Fraudsters stopped in their tracks.
Criminals have been prevented from fraudulently withdrawing around £29 million from bank accounts over the last five years, according to a report into serious organised crime in Scotland.
The report by Scotland's Serious Organised Crime Taskforce (SOCT) updates on the success of the Banking Protocol since its launch in 2018. Under the scheme, staff in banks and other financial institutions are trained to spot and help prevent customers being scammed.
The Taskforce Progress Report also details the other ways that criminal gangs have been disrupted from causing harm to individuals, communities and businesses across Scotland.
This includes targeted action on those supplying illegal drugs, including through ‘county lines', and action on environmental waste crime such as fly-tipping.
The report highlights the success of the CashBack for Communities scheme, where seized criminal assets are used to fund programmes established to divert young people away from involvement in antisocial behaviour and crime.
Justice Secretary Angela Constance, who chairs the SOCT, said:
“Tackling and disrupting serious organised crime and diverting people away from being drawn into criminal gangs is a priority for the Scottish Government and the Serious Organised Crime Taskforce.
“This progress report offers an insight into the breadth of activity overseen by the Taskforce and its supporting partners to tackle serious organised crime and it highlights the successes they are having.
“I welcome the on-going success of the Banking Protocol, which has prevented customers, who are often older or vulnerable people, from having a total of around £29 million fraudulently taken from their accounts.
“I am grateful to our partners across the public, private and third sectors who have contributed to the work of the SOCT and I look forward to continuing our collaborative efforts to eradicate serious organised crime in Scotland.”
Deputy Chief Constable Jane Connors said:
“Police Scotland remains fully committed to working in partnership with the members of the Serious Organised Crime Taskforce to continue to disrupt the activities of organised crime groups and ensure the country remains a hostile environment for those involved in this type of criminality.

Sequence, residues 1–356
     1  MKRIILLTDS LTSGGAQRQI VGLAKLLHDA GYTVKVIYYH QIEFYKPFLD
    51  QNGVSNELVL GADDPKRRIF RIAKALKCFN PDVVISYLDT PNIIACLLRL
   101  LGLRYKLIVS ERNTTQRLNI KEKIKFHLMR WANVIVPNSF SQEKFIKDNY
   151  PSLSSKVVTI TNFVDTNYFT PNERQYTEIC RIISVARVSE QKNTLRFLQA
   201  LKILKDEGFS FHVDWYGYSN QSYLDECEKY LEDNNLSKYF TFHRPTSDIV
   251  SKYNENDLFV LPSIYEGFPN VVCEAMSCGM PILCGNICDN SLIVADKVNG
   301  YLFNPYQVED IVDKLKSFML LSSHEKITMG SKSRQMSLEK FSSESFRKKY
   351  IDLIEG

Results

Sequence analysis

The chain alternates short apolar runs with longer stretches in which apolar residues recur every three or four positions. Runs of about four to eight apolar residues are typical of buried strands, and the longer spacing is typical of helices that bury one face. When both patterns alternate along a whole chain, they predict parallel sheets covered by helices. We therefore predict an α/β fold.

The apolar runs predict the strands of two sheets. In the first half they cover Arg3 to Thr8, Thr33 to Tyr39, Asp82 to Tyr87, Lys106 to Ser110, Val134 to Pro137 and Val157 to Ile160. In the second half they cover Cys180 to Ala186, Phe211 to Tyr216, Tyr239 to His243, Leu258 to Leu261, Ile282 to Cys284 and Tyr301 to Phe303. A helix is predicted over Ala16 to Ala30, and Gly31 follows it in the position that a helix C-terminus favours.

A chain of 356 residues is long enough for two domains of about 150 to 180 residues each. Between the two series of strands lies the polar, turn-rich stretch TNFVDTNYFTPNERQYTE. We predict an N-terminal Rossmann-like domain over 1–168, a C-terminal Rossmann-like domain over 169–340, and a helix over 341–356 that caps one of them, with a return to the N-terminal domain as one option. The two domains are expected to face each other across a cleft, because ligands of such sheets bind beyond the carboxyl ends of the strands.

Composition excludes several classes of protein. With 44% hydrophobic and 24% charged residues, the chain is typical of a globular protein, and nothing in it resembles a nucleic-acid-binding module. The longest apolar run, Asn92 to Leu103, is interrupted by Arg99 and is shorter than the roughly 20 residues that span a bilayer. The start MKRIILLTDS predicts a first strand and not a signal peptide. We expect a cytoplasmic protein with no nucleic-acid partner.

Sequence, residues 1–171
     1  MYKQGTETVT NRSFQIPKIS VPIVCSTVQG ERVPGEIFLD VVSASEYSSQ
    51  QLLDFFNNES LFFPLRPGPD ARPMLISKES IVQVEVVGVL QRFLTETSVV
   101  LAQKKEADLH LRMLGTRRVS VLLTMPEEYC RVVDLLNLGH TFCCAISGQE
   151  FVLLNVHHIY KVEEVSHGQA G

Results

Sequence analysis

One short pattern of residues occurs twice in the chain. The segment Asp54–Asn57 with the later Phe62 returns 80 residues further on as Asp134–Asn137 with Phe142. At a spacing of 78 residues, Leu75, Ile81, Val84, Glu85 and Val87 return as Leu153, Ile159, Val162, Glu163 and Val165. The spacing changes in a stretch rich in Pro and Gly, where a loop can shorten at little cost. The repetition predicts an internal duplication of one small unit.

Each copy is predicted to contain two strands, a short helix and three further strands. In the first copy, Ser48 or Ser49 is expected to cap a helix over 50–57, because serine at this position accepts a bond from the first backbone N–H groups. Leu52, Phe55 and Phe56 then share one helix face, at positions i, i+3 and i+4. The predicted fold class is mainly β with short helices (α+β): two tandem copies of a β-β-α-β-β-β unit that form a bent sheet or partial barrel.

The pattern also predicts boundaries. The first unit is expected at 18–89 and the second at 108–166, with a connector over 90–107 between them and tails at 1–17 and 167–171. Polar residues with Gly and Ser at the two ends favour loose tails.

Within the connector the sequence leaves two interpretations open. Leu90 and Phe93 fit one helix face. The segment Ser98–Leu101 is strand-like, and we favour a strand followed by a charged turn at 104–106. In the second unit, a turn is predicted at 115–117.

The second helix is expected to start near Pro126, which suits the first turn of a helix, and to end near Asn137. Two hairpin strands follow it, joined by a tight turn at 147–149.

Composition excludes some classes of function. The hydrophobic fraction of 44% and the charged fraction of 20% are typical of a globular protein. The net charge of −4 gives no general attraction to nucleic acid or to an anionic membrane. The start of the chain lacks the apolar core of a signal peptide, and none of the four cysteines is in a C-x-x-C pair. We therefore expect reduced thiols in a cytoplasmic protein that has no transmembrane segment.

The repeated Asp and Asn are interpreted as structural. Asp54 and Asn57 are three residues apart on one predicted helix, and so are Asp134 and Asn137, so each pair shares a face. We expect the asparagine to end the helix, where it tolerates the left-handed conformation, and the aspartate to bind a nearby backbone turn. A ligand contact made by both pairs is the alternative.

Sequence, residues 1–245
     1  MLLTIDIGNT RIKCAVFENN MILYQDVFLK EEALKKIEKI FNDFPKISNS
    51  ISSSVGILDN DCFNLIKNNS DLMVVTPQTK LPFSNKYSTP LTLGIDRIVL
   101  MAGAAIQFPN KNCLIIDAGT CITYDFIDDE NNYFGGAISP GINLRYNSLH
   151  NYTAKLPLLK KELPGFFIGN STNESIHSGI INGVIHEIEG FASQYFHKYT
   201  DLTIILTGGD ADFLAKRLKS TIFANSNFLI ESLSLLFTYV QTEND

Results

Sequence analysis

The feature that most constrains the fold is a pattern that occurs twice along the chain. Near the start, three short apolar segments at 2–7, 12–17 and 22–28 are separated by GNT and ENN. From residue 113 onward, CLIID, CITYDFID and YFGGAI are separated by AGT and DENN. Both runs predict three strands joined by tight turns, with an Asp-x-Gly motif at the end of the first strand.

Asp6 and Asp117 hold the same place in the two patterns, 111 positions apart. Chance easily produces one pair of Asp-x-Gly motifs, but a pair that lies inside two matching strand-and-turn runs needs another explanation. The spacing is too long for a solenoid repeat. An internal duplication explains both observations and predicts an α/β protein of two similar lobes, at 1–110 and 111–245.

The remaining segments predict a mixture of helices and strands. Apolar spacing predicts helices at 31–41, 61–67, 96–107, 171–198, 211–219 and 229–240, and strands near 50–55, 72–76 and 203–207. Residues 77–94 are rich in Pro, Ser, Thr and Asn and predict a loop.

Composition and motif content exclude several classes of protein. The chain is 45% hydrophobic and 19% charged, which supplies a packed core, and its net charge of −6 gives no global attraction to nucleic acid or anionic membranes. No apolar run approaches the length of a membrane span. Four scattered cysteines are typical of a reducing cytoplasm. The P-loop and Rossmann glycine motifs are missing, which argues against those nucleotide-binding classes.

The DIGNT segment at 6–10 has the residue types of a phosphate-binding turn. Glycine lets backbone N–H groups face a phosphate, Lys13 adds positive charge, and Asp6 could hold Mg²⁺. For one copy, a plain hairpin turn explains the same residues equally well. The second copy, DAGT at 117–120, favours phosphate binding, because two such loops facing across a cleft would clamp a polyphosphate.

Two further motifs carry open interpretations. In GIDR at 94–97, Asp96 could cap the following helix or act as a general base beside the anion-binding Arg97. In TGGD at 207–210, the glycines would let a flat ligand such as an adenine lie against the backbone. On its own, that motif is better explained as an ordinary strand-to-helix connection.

“By working together we have achieved impressive results which help keep people safe. This has had, and will continue to have, a major impact, preventing them from preying, exploiting and making illicit profit from our communities.”
Major banks operating in Scotland who have signed up to the Banking Protocol include Barclays Bank, Bank of Scotland, Clydesdale, Nationwide, Royal Bank of Scotland, Santander, TSB Bank.
The Serious Organised Crime Taskforce was established in 2007 and has 13 members, with other partners supporting the work taken forward by the Taskforce's subgroups.
The Progress Report outlines the nature and scope of organised crime in Scotland. At the end of March 2023, there were 101 Serious Organised Crime Groups (SOCGs) recorded as operating in Scotland, made up of 1,726 individuals, with 61% of SOCGs located in the West of Scotland, 23% in the East and 16% in the North. There were 165 individuals convicted of SOC offences in custody. These criminals were linked to 51 separate crime groups.
The report shows 72% of SOCGs are involved in the use of seemingly legitimate businesses. Property development remains the most common business sector for SOCGs. This is closely followed by retail, vehicle maintenance, taxis, restaurants and environmental sectors.